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Tuesday, July 31, 2007

Brigitte Lahaie update!

I've noticed from Sitemeter that there are many Google searches for Brigitte Lahaie, which is very understandable, however a few of the links were out of date, so they have now been updated and all now work.

Here was the original post, now with updated links:

A personal favourite of mine! Brigitte Lahaie, perhaps the prettiest adult cinema star of all time. Totally natural, nothing fake and definitely no tattoos. They don't make them like this anymore.

For more info:

Brigitte's DVD's at Sazuma

Brigitte's DVD's at Xploited Cinema

Internet Movie Database

French Biography of Brigitte Lahaie

Brigitte Lahaie Photogallery - Rapidshare

Brigitte's Blog at RMC

Interview with Brigitte Lahaie for Cinema Nocturna



That is all!

Ingmar Bergman dies at 89

Ingmar Bergman 1918-2007

The great Swedish filmaker died yesterday at 89 years of age, a favourite director of mine and he will be sadly missed. The Telegraph have a particulary fine article about him in todays edition and is very much worth a read.

"David Gritten celebrates the high aspirations of the great Swedish filmmaker, who died yesterday

It would be stretching a point to claim Ingmar Bergman invented art-house cinema. Other directors before him had presented visions of cinema so austere and serious as to exclude entertainment values completely; but Bergman was the first to attract such wide audiences to his work.

Buñuel's experiments with Dalí qualified as high art, but were so experimental as to be museum pieces. Italian neo-realists such as De Sica and Rossellini tackled serious social themes, but always addressed themselves to audiences' emotions. Bergman seemed grandly indifferent to such considerations; the rigour, seriousness and intellectual questing of his films became their unique selling point.

He became a giant on the stage of world cinema with The Seventh Seal, re-released last week in Britain on its 50th anniversary to gushing reviews. It remains his best-known film, in part because of its most striking images: the hooded, black-clad, white-faced figure of Death playing chess on a beach with a Crusader knight, and a dance of death with six people led by Death wielding a scythe.

The Seventh Seal seemed almost deliberately forbidding. Shot in black-and-white, it is a stark morality play that presents a world riven with plague and corruption and suggests the absence of God. These very qualities attracted serious-minded audiences across the world; and, in the late 1950s, with the uneasy undercurrent of the Cold War and the impact of the Holocaust still gradually sinking in, there was plenty to be serious about.

Like modern jazz and the plays of Samuel Beckett, Bergman's work flourished among earnest people who saw in it a flat rebuff to a post-war world that strived to accentuate the positive in all things.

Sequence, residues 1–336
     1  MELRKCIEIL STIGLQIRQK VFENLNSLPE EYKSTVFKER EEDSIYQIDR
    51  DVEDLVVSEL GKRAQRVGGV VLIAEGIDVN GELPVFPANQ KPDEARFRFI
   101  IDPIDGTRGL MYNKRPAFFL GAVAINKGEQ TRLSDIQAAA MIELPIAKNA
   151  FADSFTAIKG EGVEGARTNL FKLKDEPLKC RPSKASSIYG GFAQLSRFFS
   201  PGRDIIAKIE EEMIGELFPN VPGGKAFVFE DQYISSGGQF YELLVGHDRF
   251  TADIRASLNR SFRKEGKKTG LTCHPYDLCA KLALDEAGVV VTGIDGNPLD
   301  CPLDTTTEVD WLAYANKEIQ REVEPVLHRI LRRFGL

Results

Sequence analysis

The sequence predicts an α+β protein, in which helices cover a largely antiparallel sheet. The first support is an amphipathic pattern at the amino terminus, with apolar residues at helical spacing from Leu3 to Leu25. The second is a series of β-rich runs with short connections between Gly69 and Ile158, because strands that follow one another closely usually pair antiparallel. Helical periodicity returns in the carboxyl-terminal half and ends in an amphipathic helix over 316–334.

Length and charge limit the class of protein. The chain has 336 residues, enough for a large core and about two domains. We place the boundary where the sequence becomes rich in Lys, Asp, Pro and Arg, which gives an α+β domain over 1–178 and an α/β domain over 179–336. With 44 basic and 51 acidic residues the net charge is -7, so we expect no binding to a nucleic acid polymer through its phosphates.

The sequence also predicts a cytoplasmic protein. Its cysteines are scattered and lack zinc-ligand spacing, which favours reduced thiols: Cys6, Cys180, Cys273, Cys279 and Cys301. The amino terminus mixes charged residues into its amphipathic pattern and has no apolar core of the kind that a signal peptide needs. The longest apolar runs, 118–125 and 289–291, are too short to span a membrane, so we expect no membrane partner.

The veteran film critic David Thomson has noted that The Seventh Seal "made Bergman the central figure in the growth of art-house cinema", adding that in Britain many people first joined the National Film Theatre specifically because of a Bergman retrospective.
He made films fast and cheaply, though it was not apparent, thanks to his excellent repertory company of actors (Liv Ullmann, Max von Sydow and Bibi Andersson among them) and his gifted cinematographers.

Bergman was prolific in the wake of The Seventh Seal, and Wild Strawberries, The Silence, The Virgin Spring and Persona all cemented his reputation. His taste for symbolism shaped the stories of these films, and kept his audiences happy - if "happy" is quite the word.

The other notable aspect of these earlier films is their approach to sexuality. The Silence and Persona in particular are sexually explicit (Persona verbally so), but the subject is never treated in a salacious manner. In Bergman's world, sex is merely one aspect of life - a stance that made his films seem hugely sophisticated in Britain and America.

So did his clinical analysis of relationships. In films such as A Passion and Cries and Whispers, Bergman proved himself a master at portraying bleak marriages and unhappy, dysfunctional families. (He himself was married five times.)

His camera work was so up close and personal, one could see the pores in his actors' skin - an intimacy of shooting style that corresponded to an almost psychiatric dissection of the characters' plights.

In the late '60s, as a newly permissive society caused family units and marriages to start fraying at the seams, his work seemed timely. And he is one of the few filmmakers to grapple with the subject of old age (Autumn Sonata, Sarabande) with such a lack of sentimentality.
Inevitably, his influence spread. It is impossible, for example, to imagine that a director such as Mike Nichols could have made two very different but equally dark films as The Graduate and Carnal Knowledge without having come under Bergman's spell. In Britain, John Boorman, Mike Figgis and Terry Gilliam have acknowledged the long shadow he cast.

Much has been made of the fact that Bergman's work has been widely parodied, especially The Seventh Seal. This is perhaps because his work is so defiantly serious that smiling at it seems a logical response.